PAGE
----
WHEN it was founded in 2017 the Scottish Ethnic Minority Lawyers' Association (Semla) had one main aim: to improve the representation of people from black, Asian and minority ethnic (BAME) backgrounds in the legal profession.

Two years on and it is beginning to make some headway after partnering with firms including Burness Paull, Harper Macleod and MacRoberts to come up with ways of breaking down the barriers that prevent BAME candidates from pursuing a career in law.

Having held numerous networking events designed to show that the profession is open to people from all backgrounds, Semla has now secured a commitment from Burness Paull and a number of in-house legal departments that they will create places on their summer work-experience programmes specifically for ethnic minority students.

READ MORE: Ethnic minority lawyers group puts diversity at heart of profession

Ampersand Stable advocate and Semla co-founder Usman Tariq said this is a key first step in ensuring firms and legal departments have a more diverse pool of talent from which to choose their future trainees.

“The most common feedback we were getting was that there’s an over-representation of ethnic minority law students at universities but that they are not making their way into the profession,” he said.

“I was speaking to some of the largest law firms in Scotland and they were telling me that they weren’t getting the applications yet when talking to students they said they were struggling to get a training contract.”

While these two factors appear to be contradictory, Mr Tariq said the paucity of ethnic minority role models in the profession is feeding into perceptions that training contracts are hard to secure, which in turn is preventing students from applying for them in the first place.

“If you’re a student applying to a large commercial firm and you’re going onto their website to do some research if you don’t see anyone from an ethnic minority background you might think that you won’t fit in. That feeds into students not applying,” he said.

READ MORE: Visibility is key to LGBT equality in the legal profession

“There are also some intersectional issues with social mobility and ethnicity. Many students don’t have connections to the profession and so they don’t have access to work-experience opportunities, which the bigger firms are increasingly placing an emphasis on [when recruiting].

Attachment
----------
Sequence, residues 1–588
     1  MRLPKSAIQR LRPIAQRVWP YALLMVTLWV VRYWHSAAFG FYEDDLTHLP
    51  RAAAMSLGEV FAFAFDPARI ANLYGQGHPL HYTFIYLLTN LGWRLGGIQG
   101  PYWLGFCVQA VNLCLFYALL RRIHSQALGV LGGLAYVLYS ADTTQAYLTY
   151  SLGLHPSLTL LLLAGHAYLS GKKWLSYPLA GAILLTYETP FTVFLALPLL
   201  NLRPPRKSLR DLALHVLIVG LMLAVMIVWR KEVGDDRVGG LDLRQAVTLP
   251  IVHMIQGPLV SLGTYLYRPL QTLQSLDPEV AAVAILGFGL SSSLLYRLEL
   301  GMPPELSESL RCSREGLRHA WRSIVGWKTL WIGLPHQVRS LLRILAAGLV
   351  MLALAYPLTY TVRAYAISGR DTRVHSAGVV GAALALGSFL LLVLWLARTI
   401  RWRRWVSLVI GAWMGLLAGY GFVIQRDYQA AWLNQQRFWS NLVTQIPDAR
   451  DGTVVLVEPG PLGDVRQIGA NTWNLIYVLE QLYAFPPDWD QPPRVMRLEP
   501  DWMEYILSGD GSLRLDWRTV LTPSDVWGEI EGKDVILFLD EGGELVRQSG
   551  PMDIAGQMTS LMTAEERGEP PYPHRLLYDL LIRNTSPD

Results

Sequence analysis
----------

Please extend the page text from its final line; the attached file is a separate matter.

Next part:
“Law firms also need to be more open minded about the recruitment process because there might be a good reason why a student doesn’t have that work experience. They might have had to work their summer to pay for their education and can’t afford to take time off - some schemes are unpaid.”

Rob Marrs, head of education at the Law Society of Scotland, noted that Semla’s work guiding ethnic minority law students towards traineeships is vital for driving better representation at the higher levels of the profession because “you can’t become a partner if you’re not an associate first and you can’t become an associate if you’re not a trainee first”.

Yet for Meena Bahanda of recruitment consultancy HRC Recruitment, while the partnerships being forged by Semla are invaluable for the individuals looking to pursue a career in law, there is still a lot that firms need to do to ensure everyone competing for a place is doing so on a level playing field.

“Unconscious bias remains a challenge and it’s up to everyone associated with the profession to continue addressing it in different ways,” she said.

“From a recruitment perspective, firms can commit to blind reviewing CVs, where the names and educational establishments are removed from candidates’ applications. Another step that can be taken is to ensure standardisation of interview questions across all candidates.”

READ MORE: Scottish legal profession urged to tackle bullying and diversity

Ultimately, Mr Marrs believes it is the firms that make these types of changes that stand to benefit the most.

“It’s really simple for me - if you try to solve the problems of today with the people who have always been there solving the problems you’ll just get the same solutions,” he said.

“You’re not going to get innovation if you have the same sorts of people from the same sorts of backgrounds looking at the same sorts of problems.

"Combined histories and experiences and viewpoints will, on the whole, spark ideas. I think that’s a no-brainer.”